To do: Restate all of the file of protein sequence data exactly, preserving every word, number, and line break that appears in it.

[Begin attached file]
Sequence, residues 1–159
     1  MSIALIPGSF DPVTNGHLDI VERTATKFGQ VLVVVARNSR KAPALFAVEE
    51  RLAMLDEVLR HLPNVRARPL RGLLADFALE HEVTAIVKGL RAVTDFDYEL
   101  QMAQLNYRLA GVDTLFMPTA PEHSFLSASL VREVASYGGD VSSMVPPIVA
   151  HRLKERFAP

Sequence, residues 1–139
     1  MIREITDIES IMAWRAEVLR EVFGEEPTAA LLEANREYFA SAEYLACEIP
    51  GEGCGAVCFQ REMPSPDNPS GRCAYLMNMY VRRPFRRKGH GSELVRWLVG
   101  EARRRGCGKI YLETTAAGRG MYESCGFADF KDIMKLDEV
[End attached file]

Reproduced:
Sequence, residues 1–159
     1  MSIALIPGSF DPVTNGHLDI VERTATKFGQ VLVVVARNSR KAPALFAVEE
    51  RLAMLDEVLR HLPNVRARPL RGLLADFALE HEVTAIVKGL RAVTDFDYEL
   101  QMAQLNYRLA GVDTLFMPTA PEHSFLSASL VREVASYGGD VSSMVPPIVA
   151  HRLKERFAP

Sequence, residues 1–139
     1  MIREITDIES IMAWRAEVLR EVFGEEPTAA LLEANREYFA SAEYLACEIP
    51  GEGCGAVCFQ REMPSPDNPS GRCAYLMNMY VRRPFRRKGH GSELVRWLVG
   101  EARRRGCGKI YLETTAAGRG MYESCGFADF KDIMKLDEV